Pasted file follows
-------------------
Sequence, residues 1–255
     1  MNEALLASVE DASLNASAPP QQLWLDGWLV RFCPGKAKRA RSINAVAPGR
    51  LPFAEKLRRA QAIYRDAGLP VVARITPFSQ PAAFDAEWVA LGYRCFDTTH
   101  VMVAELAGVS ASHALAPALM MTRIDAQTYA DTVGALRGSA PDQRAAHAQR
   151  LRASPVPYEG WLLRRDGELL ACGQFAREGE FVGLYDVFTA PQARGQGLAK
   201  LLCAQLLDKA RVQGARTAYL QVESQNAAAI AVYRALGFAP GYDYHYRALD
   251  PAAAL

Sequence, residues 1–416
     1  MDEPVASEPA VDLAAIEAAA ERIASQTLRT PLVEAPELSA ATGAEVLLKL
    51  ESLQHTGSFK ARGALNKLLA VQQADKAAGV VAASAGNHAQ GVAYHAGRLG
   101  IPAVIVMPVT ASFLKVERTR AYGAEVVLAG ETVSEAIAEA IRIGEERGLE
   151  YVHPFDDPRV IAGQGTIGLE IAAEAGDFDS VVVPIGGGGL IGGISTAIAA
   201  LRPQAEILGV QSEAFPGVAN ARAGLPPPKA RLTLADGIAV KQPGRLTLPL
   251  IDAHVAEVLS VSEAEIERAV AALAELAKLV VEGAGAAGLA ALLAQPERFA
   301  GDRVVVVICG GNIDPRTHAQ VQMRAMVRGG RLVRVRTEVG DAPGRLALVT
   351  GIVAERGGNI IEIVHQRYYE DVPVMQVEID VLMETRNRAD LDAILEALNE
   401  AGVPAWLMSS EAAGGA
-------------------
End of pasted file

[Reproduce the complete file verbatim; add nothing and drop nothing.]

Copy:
Sequence, residues 1–255
     1  MNEALLASVE DASLNASAPP QQLWLDGWLV RFCPGKAKRA RSINAVAPGR
    51  LPFAEKLRRA QAIYRDAGLP VVARITPFSQ PAAFDAEWVA LGYRCFDTTH
   101  VMVAELAGVS ASHALAPALM MTRIDAQTYA DTVGALRGSA PDQRAAHAQR
   151  LRASPVPYEG WLLRRDGELL ACGQFAREGE FVGLYDVFTA PQARGQGLAK
   201  LLCAQLLDKA RVQGARTAYL QVESQNAAAI AVYRALGFAP GYDYHYRALD
   251  PAAAL

Sequence, residues 1–416
     1  MDEPVASEPA VDLAAIEAAA ERIASQTLRT PLVEAPELSA ATGAEVLLKL
    51  ESLQHTGSFK ARGALNKLLA VQQADKAAGV VAASAGNHAQ GVAYHAGRLG
   101  IPAVIVMPVT ASFLKVERTR AYGAEVVLAG ETVSEAIAEA IRIGEERGLE
   151  YVHPFDDPRV IAGQGTIGLE IAAEAGDFDS VVVPIGGGGL IGGISTAIAA
   201  LRPQAEILGV QSEAFPGVAN ARAGLPPPKA RLTLADGIAV KQPGRLTLPL
   251  IDAHVAEVLS VSEAEIERAV AALAELAKLV VEGAGAAGLA ALLAQPERFA
   301  GDRVVVVICG GNIDPRTHAQ VQMRAMVRGG RLVRVRTEVG DAPGRLALVT
   351  GIVAERGGNI IEIVHQRYYE DVPVMQVEID VLMETRNRAD LDAILEALNE
   401  AGVPAWLMSS EAAGGA